After darkness comes light!
The Federal High Court in Lagos yesterday ruled that Nigeria LNG Limited was correct in its strong stance in 2013 against the demand for illegal levies by the Nigerian Maritime Administration and Security Agency (NIMASA) which illegally blocked the company’s export from Bonny for 22-days.
This is a significant landmark victory; a victory for Nigeria; a victory for the rule of law; a victory for civilized conduct in national affairs and a rejection of arbitrariness and illegality. Never again in the history of Nigeria should anyone or company have to be subjected to brute force by militants and their representatives acting on behalf of and supported by a supposedly democratic government. Such has no place in civilized societies.
Unfortunately, the victory will not restore NLNG’s $475 million loss arising from NIMASA’s blockade of its ships in 2013. Sixty five percent ($308.75 million) of this sum would have gone into the Federal Government’s purse in dividend and taxes. It will not restore the several hundreds of millions of dollars lost by the upstream gas suppliers and international customers.
It will not repair Nigeria’s global image as a country struggling with the rule of law. It will not heal the psychological wounds inflicted on staff and management of NLNG by state actors acting in utter breach of the law for personal gains. It was a self-inflicted wound by a government agency acting against national interest.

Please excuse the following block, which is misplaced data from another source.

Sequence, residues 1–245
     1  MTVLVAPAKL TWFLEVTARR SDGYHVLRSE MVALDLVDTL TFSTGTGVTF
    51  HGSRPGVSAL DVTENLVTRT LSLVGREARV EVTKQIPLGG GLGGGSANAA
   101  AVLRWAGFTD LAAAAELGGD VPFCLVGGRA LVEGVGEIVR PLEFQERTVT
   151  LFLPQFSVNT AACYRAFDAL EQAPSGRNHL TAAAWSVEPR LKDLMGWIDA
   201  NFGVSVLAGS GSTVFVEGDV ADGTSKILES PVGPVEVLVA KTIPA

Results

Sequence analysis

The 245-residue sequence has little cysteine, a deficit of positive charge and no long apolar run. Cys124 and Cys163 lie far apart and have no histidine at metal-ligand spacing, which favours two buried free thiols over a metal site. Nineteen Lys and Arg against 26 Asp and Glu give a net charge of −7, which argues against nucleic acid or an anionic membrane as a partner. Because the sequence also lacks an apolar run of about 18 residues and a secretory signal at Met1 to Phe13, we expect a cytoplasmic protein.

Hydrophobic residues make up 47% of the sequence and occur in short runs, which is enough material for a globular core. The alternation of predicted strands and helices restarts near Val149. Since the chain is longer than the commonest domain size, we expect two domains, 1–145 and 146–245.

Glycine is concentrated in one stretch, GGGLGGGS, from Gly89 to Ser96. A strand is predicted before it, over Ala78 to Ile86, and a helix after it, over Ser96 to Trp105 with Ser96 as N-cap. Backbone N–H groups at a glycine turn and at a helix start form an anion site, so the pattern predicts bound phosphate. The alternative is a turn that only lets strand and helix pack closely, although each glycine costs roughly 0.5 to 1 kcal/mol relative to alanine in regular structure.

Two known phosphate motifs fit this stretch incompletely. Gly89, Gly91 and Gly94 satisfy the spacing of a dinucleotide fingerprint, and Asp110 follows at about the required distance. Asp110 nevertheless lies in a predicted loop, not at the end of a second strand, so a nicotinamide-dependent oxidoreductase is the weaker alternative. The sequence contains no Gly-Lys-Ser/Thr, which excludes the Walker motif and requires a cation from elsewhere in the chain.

Many dramatic things happened in the course of our struggle during that dark period in 2013; a number of them provided amusement, especially the behaviours of state actors and their inability to place national interest above other considerations. The lack of candor, indiscipline, conspiracy and greed was beyond belief. No one or company should be put in such distress by a government agency.
The blockade was the toughest and lowest period of my five-year tenure at the helm of Nigeria LNG Limited. It was indeed a very lonely and stressful period for Nigeria LNG Limited. State actors acting in concert with NIMASA adopted a cloak-and-dagger approach to mask their complicity in a bid to hinder transparency and avoid scrutiny, a dangerous plot that was unfortunately hailed by many public commentators.
I had no doubt, whatsoever, regarding our decision to not compromise and succumb to illegality; I could not accept to subject the company to the risk of bribery allegations by paying illegal levies contrary to our business principles, especially with the history of the Halliburton/TSKJ corruption scandal linked to NLNG. But despite the brute force and strong arm tactics by the militants and government officials, I was confident that a day such as this will come – a day of reckoning.